Episode 3 of Interronauts and we’re talking about the uninvited microbes that stumble into our guts, how you can store Amazon gift cards on DNA, the mutations behind mirror movement disorder, and our 3D printing of a titanium sternum and polymer tissue with Anatomics. We also speak with Michelle Trautwein about her new project ‘Arthropods of Our Homes’ to catalogue the Australian arthropods we share our homes with. Enjoy the show, why don’t you.
- Using DNA as a storage device — “In the famous double-helices of life’s fundamental molecule, Yaniv Erlich and Dina Zielinski from the New York Genome Center and Columbia University encoded the movie, along with a computer operating system, a photo, a scientific paper, a computer virus, and an Amazon gift card. They used a new strategy, based on the codes that allow movies to stream reliably across the Internet. In this way, they managed to pack the digital files into record-breakingly small amounts of DNA,” from The Atlantic. Full paper: Erlich and Zielinski (2017) DNA Fountain enables a robust and efficient storage architecture. Science, 355 (6328).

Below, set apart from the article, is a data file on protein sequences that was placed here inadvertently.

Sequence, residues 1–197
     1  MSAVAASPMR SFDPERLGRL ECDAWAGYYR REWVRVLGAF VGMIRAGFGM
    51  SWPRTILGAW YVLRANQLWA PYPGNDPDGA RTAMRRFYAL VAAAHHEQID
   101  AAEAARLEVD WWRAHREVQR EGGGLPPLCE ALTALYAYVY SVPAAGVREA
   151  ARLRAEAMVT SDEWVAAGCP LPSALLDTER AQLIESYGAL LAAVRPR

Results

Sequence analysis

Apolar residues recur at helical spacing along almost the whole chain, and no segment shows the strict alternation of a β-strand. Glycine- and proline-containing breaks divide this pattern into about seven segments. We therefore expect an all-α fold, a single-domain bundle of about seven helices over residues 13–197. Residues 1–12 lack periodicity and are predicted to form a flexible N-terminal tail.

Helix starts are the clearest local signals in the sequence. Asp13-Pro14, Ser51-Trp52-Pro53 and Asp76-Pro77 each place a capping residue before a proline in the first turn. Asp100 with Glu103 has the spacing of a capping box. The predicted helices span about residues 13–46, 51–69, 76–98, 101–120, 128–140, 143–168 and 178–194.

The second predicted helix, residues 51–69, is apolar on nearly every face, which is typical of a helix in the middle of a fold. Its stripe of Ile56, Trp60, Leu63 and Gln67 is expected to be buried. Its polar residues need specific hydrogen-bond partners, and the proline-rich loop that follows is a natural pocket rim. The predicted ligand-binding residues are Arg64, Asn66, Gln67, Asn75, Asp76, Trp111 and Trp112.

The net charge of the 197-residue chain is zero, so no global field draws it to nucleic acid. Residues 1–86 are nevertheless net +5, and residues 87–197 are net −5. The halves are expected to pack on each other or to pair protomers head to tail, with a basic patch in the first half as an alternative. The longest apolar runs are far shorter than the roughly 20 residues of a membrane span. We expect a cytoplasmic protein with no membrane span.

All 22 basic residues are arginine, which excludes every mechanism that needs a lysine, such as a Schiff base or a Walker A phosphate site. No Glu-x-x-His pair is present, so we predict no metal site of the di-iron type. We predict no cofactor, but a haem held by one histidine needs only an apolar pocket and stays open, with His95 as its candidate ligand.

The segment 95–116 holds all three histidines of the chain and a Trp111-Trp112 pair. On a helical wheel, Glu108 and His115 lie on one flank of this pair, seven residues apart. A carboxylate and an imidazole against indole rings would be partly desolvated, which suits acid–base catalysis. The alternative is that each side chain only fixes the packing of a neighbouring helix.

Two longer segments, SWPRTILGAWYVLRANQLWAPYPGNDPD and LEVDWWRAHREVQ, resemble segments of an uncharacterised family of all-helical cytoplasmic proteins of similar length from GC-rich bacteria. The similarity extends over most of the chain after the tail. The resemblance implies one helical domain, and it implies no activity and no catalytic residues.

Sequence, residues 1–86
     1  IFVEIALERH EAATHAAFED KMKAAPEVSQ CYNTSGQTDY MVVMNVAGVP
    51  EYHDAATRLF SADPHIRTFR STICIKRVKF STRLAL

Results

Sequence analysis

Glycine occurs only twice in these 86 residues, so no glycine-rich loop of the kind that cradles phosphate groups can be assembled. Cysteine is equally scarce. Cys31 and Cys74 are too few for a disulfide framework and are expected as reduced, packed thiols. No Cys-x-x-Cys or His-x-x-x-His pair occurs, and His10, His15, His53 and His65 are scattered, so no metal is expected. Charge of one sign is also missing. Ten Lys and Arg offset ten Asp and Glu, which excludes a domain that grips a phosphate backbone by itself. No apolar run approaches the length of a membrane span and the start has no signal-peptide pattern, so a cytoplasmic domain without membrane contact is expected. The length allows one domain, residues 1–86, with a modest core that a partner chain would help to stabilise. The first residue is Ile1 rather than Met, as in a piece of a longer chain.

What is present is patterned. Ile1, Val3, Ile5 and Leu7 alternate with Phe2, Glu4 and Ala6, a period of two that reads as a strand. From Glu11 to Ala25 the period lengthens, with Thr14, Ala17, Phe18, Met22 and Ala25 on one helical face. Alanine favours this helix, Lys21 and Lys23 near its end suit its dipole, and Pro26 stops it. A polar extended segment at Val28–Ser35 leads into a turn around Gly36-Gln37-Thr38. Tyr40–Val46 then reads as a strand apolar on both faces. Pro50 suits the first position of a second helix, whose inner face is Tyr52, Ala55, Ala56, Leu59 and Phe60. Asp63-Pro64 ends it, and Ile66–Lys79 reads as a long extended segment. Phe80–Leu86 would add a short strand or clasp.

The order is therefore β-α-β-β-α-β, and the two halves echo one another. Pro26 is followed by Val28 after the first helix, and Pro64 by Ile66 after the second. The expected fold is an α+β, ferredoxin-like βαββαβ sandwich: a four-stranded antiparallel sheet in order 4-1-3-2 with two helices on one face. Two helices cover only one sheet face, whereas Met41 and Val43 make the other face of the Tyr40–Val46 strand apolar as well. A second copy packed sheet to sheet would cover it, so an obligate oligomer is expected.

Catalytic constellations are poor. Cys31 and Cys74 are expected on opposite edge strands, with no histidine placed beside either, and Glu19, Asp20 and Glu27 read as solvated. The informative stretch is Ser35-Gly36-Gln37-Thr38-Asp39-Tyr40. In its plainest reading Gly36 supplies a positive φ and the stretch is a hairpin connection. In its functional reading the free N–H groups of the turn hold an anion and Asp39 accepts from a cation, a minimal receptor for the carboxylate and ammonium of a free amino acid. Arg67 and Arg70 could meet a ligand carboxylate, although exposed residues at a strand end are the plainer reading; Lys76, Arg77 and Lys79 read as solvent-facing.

“The proportional diversity of arthropod types across all of the rooms surveyed.” Image: Bertone, et al.
This week we spoke with Michelle Trautwein from the California Academy of Sciences, who runs the Arthropods of Our Homes project, which catalogues the proportions of arthropods we share our homes with. About the project: “For all of human history, insects and their relatives (collectively known as arthropods) have been our constant companions. We compete with them for food, use them as resources, and – whether we like it or not – share our homes with them. Many species, both common and unfamiliar, have been evolving with us for millennia. The Arthropods of Our Homes project explores the arthropod diversity of our homes. We are interested not only in what species are present, but also how the characteristics of your home and lifestyle may affect the insects, spiders and other arthropods that come to dwell there.”
Learn more about The Arthropods of Our Homes, here.
An computer generated image of the 3D printed device in the ribcage
Bone, cartilage and tissue; we’ve cracked the trifecta (and it’s made of titanium and plastic)
“We’ve been quietly working away in Melbourne on something big. The big trifecta of a bone, cartilage and tissue implant. The first of its kind. More specifically, a 3D printed titanium and polymer sternum to suit individual patients. Feeling like you’ve already heard about this? That’s because in 2015 we partnered with Anatomics to 3D print a sternum and rib implant for a Spanish cancer patient,” from our blog. Learn more about the break-through here.
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